The energy commodity also benefited from the International Monetary Fund enhancing projections for global development and growth for this year and 2013. But gains were tempered by oil-rich Iran committing to continuing diplomatic discussions about its nuclear program.
"We're rebounding in large part because of the better-than-expected bond auction in Europe," vice president Phil Flynn with brokerage PFGBest in Chicago told the news source. "The spread is coming in a great deal because there's less concern about a cutoff of Iranian supply and the Seaway reversal was moved up a couple days."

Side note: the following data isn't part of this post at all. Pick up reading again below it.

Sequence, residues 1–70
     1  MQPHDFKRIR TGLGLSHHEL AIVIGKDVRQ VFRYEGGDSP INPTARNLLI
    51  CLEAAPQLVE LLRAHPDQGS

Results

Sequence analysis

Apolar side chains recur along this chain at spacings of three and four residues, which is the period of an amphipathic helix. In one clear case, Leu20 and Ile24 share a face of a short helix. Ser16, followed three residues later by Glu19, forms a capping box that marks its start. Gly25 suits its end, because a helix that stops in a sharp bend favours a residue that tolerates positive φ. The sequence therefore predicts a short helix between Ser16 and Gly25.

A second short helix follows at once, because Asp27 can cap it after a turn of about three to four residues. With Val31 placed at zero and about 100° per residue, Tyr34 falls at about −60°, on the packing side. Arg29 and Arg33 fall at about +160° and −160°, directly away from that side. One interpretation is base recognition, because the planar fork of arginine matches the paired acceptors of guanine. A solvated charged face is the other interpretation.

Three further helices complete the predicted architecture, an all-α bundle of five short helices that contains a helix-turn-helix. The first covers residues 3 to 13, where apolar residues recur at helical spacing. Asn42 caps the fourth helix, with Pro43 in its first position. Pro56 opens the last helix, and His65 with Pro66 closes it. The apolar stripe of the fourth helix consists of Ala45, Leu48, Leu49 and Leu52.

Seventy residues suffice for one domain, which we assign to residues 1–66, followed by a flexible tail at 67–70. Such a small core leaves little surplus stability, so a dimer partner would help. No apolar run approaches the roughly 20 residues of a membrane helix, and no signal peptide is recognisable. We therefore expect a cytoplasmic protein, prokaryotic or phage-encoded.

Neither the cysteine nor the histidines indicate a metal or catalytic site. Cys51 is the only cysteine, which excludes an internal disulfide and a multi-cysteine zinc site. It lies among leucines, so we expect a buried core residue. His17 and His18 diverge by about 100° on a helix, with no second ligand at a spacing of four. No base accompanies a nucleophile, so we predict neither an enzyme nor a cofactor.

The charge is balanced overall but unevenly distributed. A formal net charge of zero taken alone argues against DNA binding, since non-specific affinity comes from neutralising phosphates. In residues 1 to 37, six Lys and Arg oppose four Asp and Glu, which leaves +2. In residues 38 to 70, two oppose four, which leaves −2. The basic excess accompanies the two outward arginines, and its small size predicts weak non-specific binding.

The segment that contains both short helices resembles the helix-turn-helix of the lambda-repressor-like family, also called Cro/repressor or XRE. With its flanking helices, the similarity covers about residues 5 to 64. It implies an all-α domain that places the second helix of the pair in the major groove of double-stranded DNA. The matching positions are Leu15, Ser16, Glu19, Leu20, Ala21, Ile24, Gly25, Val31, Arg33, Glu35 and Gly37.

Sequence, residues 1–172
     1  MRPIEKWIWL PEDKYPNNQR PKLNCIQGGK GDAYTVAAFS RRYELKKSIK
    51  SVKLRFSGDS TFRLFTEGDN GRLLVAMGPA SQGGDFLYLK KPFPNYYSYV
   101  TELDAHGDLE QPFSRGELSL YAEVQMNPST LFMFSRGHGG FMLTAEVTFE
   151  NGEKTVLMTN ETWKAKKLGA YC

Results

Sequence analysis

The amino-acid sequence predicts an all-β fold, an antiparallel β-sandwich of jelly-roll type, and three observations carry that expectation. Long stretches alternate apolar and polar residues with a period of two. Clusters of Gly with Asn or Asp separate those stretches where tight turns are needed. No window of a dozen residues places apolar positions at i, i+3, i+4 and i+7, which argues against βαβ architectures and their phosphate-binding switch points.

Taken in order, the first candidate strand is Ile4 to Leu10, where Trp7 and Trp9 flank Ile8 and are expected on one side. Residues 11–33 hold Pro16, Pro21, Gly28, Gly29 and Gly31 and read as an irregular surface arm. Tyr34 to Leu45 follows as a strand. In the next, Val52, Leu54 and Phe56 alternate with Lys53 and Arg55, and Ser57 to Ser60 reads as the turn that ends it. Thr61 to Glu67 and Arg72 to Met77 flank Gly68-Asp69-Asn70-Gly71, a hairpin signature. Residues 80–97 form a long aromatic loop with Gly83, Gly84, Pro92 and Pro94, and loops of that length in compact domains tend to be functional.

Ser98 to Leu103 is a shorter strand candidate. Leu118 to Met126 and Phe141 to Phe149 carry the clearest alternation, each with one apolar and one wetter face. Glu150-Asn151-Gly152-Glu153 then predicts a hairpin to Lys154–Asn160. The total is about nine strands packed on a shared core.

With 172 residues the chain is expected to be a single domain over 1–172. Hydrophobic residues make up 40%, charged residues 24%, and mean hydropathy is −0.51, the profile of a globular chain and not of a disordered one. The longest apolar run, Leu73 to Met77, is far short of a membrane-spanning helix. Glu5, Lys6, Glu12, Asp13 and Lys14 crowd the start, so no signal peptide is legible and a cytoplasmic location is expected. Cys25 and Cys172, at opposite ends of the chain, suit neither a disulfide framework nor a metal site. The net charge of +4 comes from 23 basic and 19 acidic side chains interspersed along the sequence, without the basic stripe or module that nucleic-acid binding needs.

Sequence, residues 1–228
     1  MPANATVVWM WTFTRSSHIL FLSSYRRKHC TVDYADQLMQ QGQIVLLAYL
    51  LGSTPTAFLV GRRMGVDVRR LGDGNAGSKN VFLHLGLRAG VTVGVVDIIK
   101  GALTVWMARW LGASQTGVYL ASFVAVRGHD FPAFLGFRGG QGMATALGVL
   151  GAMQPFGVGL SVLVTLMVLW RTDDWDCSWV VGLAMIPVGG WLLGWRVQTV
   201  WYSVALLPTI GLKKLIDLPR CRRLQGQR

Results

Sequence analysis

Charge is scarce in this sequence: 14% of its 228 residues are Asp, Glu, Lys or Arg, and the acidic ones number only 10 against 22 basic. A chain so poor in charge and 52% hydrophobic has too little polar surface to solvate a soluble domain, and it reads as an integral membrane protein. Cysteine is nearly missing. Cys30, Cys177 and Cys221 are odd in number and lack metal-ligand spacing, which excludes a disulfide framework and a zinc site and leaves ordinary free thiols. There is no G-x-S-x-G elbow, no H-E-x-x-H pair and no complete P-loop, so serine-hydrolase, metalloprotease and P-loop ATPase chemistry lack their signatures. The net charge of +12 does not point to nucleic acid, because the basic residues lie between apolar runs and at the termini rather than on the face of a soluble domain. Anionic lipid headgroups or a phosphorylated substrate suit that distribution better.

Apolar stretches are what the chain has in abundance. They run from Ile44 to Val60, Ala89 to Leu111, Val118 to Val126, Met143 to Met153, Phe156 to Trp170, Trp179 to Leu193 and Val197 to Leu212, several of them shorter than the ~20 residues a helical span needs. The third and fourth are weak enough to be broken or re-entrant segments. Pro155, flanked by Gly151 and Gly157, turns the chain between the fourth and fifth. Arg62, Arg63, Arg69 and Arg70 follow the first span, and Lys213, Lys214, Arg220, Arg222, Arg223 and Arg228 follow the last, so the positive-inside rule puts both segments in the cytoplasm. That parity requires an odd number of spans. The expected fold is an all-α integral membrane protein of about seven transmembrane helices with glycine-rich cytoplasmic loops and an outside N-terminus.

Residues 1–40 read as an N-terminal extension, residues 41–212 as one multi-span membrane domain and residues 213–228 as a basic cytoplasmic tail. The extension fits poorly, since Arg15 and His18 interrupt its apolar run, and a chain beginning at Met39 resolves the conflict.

At 2:50 p.m. on Tuesday, crude oil futures increased 0.06 percent, a 7 cent lift to $118.75 per barrel.
The Wall Street Journal reports the Seaway pipeline reversal, which was devised as a method of facilitating a surplus of the energy commodity in Oklahoma, will kick off crude deliveries to the Gulf Coast sooner than anticipated.